If you haven’t played basketball for years and then you get into a game at your high school reunion and find that after 10 minutes you’re performing like Michael Jordan again, is that “muscle memory”?
Or, you used to workout regularly but haven’t so much as lifted a weight since you had three kids, but then you quickly regain your strength when your new neighbour drags you to the gym, is this “muscle memory”?
Or are you referring to when your body seems to be able to perform complex tasks without the need for you to consciously think about it? For example, swinging a golf club, driving a car, or knitting?
Or are you reminiscing over a delicious bowl of Moules Marinière? Wait no, that’s mussel memory.
The first three are all examples that could be called “muscle memory”. The first and third are actually almost the same thing. Let me explain…
Practice makes pathways
When we practice an activity over and over we develop a neural pathway (a connection inside the brain) for that movement. The more you practice, the more established this pathway becomes. Many of these co-ordinated movements seem to be controlled in a part of the brain called the cerebellum (which is located at the back and looks a bit like a big prune). It could be playing tennis or performing cursive handwriting, but when you stop practicing the pathway starts to degrade. People who come back to a formerly practiced activity often say they feel “rusty”, but after a bit of time spent doing the activity they feel like their muscles are “remembering”. It is more correct to say the nerves in the brain are reinforcing the connection. An established neural pathway is rarely lost completely and practice will help strengthen it again – which is why people say you never forget how to ride a bike.
Many nuclei make light work
In the second case, suppose that you are a weightlifter, have trained really hard and have got very strong. Then you ‘let yourself go’, allowing your muscles to atrophy (or ‘waste away’). Would you be starting from zero again when you returned to training? No you wouldn’t, and here’s why…
Each muscle fibre has many nuclei. Each nucleus has a copy of DNA, and contributes to muscle growth. As you train a muscle, more nuclei develop inside the fibres. The more nuclei, the faster muscle will grow. If you stop working a muscle for a long time, it will shrink in size, but the number of nuclei will stay the same. These extra nuclei mean that it is easier for you to bounce back to close to your former strength levels than if you hadn’t trained previously.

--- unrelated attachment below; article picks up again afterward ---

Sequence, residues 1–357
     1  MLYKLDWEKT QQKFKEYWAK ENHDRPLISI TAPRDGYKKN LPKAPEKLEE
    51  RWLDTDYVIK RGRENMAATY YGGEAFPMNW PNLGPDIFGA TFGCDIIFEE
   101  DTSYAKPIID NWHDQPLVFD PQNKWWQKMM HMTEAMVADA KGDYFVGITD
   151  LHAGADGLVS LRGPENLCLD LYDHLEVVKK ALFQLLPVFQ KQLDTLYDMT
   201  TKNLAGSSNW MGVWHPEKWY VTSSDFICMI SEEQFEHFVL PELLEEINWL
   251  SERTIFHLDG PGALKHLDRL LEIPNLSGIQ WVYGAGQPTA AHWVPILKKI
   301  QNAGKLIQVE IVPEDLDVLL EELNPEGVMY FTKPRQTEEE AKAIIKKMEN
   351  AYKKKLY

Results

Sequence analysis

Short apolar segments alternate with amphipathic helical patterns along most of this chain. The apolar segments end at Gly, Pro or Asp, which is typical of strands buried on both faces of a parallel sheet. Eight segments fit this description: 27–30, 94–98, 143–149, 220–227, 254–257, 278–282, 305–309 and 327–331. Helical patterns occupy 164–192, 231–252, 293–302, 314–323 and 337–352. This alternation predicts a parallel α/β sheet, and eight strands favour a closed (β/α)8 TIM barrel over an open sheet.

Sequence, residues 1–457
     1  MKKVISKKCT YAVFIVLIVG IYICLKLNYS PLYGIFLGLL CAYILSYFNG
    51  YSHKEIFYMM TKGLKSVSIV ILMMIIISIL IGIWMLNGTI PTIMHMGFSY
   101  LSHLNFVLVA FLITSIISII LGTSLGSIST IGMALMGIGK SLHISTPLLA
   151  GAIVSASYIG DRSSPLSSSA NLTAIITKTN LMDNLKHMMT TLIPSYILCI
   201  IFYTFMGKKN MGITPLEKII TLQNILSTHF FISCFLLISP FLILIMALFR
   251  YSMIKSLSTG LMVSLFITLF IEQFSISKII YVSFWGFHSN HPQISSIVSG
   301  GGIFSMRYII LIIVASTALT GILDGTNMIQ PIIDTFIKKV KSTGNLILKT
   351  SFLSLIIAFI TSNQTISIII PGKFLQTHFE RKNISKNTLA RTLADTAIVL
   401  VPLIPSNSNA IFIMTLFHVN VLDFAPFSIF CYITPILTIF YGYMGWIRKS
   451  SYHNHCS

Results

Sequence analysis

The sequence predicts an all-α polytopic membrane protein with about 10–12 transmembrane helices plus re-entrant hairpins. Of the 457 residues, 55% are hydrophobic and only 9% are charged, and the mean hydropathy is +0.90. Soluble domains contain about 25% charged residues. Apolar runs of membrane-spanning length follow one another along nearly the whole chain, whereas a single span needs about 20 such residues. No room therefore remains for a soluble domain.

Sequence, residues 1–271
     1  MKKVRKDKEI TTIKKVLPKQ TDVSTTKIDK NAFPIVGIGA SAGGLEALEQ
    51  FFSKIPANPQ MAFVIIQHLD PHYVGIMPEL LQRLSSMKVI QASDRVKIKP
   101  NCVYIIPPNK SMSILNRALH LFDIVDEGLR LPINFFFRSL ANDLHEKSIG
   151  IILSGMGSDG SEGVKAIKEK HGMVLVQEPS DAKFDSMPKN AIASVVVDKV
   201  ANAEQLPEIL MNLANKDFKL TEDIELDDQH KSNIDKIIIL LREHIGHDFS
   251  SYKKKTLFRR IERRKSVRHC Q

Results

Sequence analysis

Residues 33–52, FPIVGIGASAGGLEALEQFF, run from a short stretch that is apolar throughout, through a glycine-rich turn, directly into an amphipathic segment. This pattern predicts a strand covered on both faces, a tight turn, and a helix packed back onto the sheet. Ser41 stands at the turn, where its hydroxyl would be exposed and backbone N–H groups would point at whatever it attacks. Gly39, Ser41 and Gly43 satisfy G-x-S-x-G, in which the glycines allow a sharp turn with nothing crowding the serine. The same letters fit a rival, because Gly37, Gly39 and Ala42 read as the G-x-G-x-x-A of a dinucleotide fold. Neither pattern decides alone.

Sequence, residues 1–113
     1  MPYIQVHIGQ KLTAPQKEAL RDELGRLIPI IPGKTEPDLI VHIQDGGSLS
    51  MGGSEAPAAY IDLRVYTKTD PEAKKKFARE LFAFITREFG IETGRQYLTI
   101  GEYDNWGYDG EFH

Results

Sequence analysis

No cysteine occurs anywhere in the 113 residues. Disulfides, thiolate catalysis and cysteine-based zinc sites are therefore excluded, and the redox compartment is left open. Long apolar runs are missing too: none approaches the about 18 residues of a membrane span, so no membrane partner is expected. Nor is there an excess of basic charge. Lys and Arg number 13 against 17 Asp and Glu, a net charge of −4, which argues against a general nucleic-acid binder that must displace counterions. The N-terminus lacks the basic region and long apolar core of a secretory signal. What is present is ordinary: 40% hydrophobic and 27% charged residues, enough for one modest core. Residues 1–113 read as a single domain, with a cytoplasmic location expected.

A cerebellum never forgets
In the third case we are referring to implicit vs explicit memory. Explicit memory involves thinking hard about something as you do it. Think about the first few times you drove a car. You were probably hyper-vigilant, scared to death that you’d hit something, thinking about how far to turn the wheel, how much force you were applying to the pedals. After a few months of driving you’re going 100 km/h, adding sugar to your coffee with one hand while texting with the other – putting down the drink only to shift gears. (Don’t do that by the way.)
All those movements have gone from explicit to implicit memory – they have been ‘learned’. The neural pathway inside your brain has become so strong that you don’t have to “attend” to the movements with all of your cognitive horsepower. When something is implicit you can do it and still have plenty of brain space left to carry on a conversation (as before, the cerebellum is important in allowing this). However, even if you are well practiced at something and can do it without thinking, if for some reason you start focusing very hard on that thing, say trying to sink a 12 foot put at mini golf for $100 bet, you might find your performance suffers. My advice is to let your implicit (muscle memory) do its thing. That is why you practice in the first place. Then send me half the cash. You’re welcome.
There are many other aspects of muscle memory – many of which are still being discovered. For a detailed explanation of implicit vs explicit memory I would greatly encourage you to read the book Choke, by Sian Beilock. It is an excellent read with lots of practical tips for helping you achieve better performance under stress.